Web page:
“We need a doctor,” came the yell. Some of the last words you want to hear on Metro; they indicate that somewhere on the train, someone may be suffering or dying — and of more callous concern, that WMATA’s “Sick Customer” policy goes into effect, stopping the train and triggering cascading delays down the line.
It was Wednesday evening, rush hour. I was at Rosslyn, on the Orange Line to Vienna. The operator announced over the train P.A. that he would be leaving the cab to attend to a sick customer, emergency services had been summoned, and that we would be holding at Rosslyn indefinitely. In the second car of the train, an elderly man in a suit had collapsed from what appeared to be a heart attack, and lay on the floor, unmoving, a doctor examining him while another passenger checked his cellphone for emergency contacts.
Outside, the station P.A. announced delays on both tracks of the Orange Line due to a sick customer at Rosslyn, single-tracking in progress. Then, another announcement that the train at Rosslyn was being offloaded — but no such announcement had been made on the train that I was on. Passengers looked around doubtfully. Shortly after, the operator returned to the cab and announced that, yes, “this train will be offloaded, please board the train that is now arriving upstairs.”
As the crowd filed out of the train and up the escalators, EMTs had arrived, intubated the sick customer, raised him on to a gurney, and wheeled him off the train. There was some trouble getting him upstairs as the crowd from the offloaded train had clogged up the nearest upbound platform escalator. Passengers cleared a path, however, and a slightly dazed but blessedly awake patient stared from the gurney back down the escalator at the concerned crowd watching him ascend with the EMTs.
Upstairs, another Vienna-bound Orange Line train had arrived, already crowded. Frantic passengers from the train downstairs crammed in through overflowing doorways, some running to the front and back of the train to try and squeeze into what pockets were left at the doors. I had resigned myself to just waiting for the next train when I heard a familiar train operator’s voice from downstairs:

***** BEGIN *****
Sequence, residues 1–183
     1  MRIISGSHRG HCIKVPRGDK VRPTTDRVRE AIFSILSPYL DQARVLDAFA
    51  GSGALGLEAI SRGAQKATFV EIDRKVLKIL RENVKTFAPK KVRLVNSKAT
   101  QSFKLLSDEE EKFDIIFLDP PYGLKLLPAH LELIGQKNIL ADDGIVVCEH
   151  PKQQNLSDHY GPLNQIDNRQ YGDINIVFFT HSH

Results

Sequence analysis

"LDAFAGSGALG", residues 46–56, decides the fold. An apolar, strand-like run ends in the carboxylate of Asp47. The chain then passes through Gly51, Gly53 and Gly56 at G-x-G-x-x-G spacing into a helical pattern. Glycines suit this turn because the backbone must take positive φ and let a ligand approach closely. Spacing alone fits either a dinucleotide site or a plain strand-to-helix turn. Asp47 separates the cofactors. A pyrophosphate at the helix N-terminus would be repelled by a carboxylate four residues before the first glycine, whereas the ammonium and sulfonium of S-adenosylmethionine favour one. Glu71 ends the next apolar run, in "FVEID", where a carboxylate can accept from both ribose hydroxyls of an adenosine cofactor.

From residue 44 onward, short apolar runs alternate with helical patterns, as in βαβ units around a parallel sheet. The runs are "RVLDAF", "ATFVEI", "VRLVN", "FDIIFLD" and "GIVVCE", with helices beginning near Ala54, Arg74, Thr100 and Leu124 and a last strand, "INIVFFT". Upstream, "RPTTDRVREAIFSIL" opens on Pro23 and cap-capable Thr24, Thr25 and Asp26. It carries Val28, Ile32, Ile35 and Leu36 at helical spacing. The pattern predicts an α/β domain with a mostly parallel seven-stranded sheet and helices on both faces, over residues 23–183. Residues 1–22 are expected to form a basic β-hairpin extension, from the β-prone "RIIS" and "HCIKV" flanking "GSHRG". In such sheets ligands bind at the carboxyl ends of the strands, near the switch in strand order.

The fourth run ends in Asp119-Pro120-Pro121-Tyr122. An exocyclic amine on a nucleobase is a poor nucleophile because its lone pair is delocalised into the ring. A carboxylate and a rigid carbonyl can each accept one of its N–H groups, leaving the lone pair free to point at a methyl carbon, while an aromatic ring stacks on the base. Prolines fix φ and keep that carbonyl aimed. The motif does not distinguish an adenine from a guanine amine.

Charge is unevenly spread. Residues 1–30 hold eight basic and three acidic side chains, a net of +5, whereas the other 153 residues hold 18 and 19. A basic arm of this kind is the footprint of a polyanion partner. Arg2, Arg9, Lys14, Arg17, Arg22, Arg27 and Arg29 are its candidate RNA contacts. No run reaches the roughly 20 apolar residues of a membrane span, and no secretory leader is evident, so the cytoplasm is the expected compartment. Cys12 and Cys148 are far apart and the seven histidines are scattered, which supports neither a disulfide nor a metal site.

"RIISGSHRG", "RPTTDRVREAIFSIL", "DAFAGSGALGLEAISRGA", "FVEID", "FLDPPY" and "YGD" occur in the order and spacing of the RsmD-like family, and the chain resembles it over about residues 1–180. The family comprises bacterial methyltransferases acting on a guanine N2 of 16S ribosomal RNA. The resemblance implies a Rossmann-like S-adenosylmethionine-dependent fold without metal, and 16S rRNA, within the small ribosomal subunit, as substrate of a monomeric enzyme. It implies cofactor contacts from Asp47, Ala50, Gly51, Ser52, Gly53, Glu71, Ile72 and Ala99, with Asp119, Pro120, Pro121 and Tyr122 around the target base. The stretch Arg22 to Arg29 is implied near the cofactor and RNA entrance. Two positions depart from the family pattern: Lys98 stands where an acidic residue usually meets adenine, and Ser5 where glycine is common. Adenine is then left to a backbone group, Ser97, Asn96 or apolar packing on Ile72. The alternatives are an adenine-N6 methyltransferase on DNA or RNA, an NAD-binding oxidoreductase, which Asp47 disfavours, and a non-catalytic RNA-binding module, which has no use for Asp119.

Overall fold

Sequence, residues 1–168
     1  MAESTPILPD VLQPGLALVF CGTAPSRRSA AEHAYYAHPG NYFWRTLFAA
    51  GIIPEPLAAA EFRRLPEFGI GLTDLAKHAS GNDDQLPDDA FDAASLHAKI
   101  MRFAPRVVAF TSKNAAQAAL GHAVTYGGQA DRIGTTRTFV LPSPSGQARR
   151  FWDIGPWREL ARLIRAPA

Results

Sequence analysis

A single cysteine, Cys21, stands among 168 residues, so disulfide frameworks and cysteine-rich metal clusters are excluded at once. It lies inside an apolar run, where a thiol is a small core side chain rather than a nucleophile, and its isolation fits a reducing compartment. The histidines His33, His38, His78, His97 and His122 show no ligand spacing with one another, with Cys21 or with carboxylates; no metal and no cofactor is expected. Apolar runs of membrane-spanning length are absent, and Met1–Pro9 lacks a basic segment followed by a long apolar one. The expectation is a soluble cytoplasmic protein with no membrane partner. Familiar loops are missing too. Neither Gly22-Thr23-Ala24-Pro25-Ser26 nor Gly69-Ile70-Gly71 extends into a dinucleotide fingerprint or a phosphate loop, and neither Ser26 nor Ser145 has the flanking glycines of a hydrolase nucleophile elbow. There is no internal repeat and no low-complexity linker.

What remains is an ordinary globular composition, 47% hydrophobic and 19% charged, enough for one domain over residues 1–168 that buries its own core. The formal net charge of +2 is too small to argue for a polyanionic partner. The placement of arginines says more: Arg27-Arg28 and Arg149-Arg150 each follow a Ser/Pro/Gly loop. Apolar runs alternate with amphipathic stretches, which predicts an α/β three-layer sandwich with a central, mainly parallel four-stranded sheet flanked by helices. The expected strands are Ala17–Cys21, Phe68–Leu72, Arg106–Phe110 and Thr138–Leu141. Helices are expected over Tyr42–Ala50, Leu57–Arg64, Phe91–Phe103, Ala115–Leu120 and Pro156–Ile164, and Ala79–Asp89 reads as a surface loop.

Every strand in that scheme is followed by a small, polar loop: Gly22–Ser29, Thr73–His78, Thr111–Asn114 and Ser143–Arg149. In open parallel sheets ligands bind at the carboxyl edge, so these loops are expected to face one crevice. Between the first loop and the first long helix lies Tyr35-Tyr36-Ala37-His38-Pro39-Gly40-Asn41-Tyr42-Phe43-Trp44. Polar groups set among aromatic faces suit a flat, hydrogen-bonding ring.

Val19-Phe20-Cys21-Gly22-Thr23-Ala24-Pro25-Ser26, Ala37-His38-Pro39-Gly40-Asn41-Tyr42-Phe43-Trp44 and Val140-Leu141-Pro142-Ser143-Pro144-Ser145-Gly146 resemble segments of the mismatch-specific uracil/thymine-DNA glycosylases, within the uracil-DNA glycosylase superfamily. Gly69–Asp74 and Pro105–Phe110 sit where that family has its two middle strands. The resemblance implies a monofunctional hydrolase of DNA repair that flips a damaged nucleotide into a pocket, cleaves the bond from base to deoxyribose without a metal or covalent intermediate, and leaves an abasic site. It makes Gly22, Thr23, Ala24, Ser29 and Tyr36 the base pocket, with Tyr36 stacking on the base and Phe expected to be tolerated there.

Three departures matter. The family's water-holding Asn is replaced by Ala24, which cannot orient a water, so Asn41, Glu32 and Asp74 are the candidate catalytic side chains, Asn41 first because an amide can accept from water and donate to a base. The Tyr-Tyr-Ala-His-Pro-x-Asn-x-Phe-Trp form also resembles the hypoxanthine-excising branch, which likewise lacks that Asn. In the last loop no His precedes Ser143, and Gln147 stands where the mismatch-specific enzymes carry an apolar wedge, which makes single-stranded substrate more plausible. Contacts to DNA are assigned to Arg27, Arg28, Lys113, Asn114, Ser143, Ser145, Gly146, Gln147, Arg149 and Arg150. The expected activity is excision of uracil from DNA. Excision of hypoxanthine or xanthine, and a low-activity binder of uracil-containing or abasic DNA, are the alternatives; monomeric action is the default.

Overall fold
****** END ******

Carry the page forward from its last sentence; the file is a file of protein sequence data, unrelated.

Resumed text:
“This is an Orange Line train to Vienna.”
So WMATA offloaded a train for a sick customer, then the crowd made it troublesome for EMTs to evacuate said sick customer, then there was a mad scramble to get to the train upstairs, and suddenly they were bringing the train back into service just two minutes later, while hordes of offloaded passengers were still crammed onto ascending escalators.
The mad scramble promptly reversed direction while the other Vienna train, stuffed to the gills, departed. There was much grumbling, and I overheard raised voices between an angry passenger and a Metro employee, the latter saying he didn’t make the rules, he just did what they told him.
Soon, the train moved, and I thought of the ways it could have been worse. And then Rosslyn, and another WMATA communications debacle, were behind me.
A couple weeks ago a girl chucked in the car I was in. Unfortunately, it was early enough on a weekday to be packed, but late enough for the trains to only be running every 20. Nobody wanted to get off (to wait 20), including the sick girl, despite the foul smell. Face wiped on the clothes and a couple wet newspapers on the floor later, it was a hush incident. I am just glad it didn’t domino, like a flashback to elementary school lunch period.